'It feels amazing that Endo has three world records,' said Morgan Wagner, his owner.
In addition to their stunning looks, Appaloosa horses are renowned for being docile, amiable and steadfast companions. One such extraordinary horse in Oregon has touched the hearts of many across the world. Endo, a 22-year-old Appaloosa horse that is blind, became the proud owner of three world records on October 29, 2022. Commonly known as "Endo the Blind," he bagged three remarkable record titles: the fastest time for a blind horse to weave five poles (6.93 seconds), the most flying changes (39 changes) performed by a horse in one minute and the highest free jump by a blind horse (3 feet, 5.73 inches), CBS News reports.
Endo's owner, Morgan Wagner—who first met the horse when she was just 13 years old—noted that it took time and a lot of work to get to this point. "My grandma said I could have one of her horses, and I chose Endo. He had the most charisma and pranced around the other horses."
When Endo was 8 years old, Wagner revealed, he was diagnosed with glaucoma, cataracts, and equine recurrent uveitis, a condition that is prevalent in horses. After five years, he was completely blind. Endo was eased into it by wearing a blindfold before he lost his sight, said Wagner, but it took some getting used to.
It all began when Wagner noticed Endo's eyes frequently watering up and squinting. A physician diagnosed him with equine recurrent uveitis—often known as moon blindness or periodic ophthalmia—and although Wagner did everything she could to try and alleviate her equine friend's pain, nothing seemed to work. "He continued to have flare-ups and it got worse and worse as time went on," she said. "With each flare-up, it also damaged his eyes."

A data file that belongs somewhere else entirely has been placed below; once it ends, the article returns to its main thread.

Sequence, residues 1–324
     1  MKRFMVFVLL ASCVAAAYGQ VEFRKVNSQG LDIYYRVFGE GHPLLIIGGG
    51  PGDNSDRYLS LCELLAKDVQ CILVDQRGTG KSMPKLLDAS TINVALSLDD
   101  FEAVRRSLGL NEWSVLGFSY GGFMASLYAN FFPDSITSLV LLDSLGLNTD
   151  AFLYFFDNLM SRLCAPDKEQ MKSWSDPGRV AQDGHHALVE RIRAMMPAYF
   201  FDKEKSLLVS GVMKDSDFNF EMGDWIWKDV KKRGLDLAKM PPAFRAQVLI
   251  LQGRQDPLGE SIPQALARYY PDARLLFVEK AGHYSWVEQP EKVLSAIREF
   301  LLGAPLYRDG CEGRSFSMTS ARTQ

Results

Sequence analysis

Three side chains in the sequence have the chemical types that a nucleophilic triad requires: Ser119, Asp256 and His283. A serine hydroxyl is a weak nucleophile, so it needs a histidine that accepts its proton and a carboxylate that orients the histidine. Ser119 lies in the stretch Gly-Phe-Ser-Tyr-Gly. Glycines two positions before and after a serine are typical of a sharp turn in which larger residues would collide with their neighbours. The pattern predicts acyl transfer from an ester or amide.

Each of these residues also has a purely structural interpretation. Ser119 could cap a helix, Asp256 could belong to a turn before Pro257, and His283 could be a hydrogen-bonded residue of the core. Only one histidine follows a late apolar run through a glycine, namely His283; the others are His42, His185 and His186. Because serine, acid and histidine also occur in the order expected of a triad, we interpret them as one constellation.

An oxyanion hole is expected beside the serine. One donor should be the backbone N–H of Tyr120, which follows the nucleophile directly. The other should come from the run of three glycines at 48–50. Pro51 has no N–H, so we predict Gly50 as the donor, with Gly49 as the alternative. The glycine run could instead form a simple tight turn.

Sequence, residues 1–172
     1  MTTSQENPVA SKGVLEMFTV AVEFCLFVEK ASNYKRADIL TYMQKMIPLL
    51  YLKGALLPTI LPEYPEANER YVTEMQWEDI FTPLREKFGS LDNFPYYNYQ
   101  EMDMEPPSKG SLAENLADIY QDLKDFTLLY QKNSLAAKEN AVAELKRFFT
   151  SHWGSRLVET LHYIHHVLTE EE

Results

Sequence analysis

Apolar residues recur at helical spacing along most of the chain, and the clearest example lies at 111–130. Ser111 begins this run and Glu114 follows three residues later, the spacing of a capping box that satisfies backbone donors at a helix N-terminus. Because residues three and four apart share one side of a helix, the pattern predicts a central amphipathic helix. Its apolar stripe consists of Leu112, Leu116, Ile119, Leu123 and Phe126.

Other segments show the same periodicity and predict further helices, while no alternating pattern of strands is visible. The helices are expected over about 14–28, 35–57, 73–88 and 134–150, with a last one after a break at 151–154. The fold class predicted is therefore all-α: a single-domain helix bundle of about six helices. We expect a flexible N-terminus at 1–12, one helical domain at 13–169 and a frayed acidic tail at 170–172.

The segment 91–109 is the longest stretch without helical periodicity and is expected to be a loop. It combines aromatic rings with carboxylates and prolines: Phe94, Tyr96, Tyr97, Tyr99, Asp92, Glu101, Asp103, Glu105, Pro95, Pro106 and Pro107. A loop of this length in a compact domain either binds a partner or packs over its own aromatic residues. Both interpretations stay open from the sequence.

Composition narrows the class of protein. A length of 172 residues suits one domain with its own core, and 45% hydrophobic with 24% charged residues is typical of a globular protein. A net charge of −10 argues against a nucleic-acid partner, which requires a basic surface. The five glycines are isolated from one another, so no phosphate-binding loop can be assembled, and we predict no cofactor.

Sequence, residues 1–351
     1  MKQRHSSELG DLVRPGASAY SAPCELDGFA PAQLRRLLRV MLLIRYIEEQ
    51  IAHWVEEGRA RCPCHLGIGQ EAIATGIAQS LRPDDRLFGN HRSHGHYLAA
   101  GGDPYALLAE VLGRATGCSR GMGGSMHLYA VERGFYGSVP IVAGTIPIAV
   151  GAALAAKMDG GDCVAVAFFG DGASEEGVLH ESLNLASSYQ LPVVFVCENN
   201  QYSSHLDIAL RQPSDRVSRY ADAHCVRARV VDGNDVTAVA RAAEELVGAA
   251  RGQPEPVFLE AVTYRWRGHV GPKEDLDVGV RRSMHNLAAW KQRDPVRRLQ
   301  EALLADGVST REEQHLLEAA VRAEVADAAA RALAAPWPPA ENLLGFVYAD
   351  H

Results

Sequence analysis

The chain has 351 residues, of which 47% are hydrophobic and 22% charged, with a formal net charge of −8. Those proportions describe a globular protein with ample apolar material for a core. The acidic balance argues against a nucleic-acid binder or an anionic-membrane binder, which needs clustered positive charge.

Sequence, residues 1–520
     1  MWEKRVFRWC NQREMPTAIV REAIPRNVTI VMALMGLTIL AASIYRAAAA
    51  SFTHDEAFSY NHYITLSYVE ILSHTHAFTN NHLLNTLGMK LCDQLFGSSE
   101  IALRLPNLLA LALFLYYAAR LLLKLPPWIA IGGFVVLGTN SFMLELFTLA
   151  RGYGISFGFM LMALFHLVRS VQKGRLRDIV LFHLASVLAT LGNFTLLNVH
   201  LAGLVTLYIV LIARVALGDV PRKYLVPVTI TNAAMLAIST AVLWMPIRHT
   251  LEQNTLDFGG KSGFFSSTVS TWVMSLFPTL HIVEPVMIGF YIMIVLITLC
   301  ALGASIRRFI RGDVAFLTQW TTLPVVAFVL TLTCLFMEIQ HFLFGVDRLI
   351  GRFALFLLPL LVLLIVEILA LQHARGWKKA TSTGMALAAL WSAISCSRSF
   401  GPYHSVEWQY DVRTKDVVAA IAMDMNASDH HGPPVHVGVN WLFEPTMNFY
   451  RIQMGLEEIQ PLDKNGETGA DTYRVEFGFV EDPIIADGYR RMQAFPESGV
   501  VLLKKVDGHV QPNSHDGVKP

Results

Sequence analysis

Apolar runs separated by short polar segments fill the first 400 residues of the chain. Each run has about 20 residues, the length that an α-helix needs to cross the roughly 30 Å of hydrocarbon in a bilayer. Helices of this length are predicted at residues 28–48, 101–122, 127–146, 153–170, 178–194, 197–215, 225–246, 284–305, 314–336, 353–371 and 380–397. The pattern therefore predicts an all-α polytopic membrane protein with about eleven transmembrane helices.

Endo's discomfort persisted, and his right eye eventually burst, forcing Wagner to take the heartbreaking decision of having it removed. A few months later, his left eye also started causing him issues, and had to be removed. Endo then had to learn how to get around in a world he couldn't see. "He was very scared in the beginning, so I took him for walks around the barn and then moved on to walks around the property," Wagner told Guinness World Records.
According to Wagner, he eventually found the confidence to resume his previous hobbies, including competing and jumping. "He learned to jump again after going blind because he competed in a discipline that required upper-level riding and obstacle work, and in that discipline, he became national champion at the highest level," she said. There was no difficulty that their great bond couldn't overcome, from their very first dressage and riding experiences together to navigating the challenges of vision loss.
Endo soon began appealing to the hearts of people across the world with his lovable nature and amazing talents. Aside from his record-breaking accomplishments, Morgan also wants the world to know how proud she is of her equine friend for never losing his spirit despite losing his eyes. "I'm very grateful to Guinness World Records for letting us have a platform for blind horses to show the world that they're still capable of anything," she said. "It feels amazing that Endo has three world records."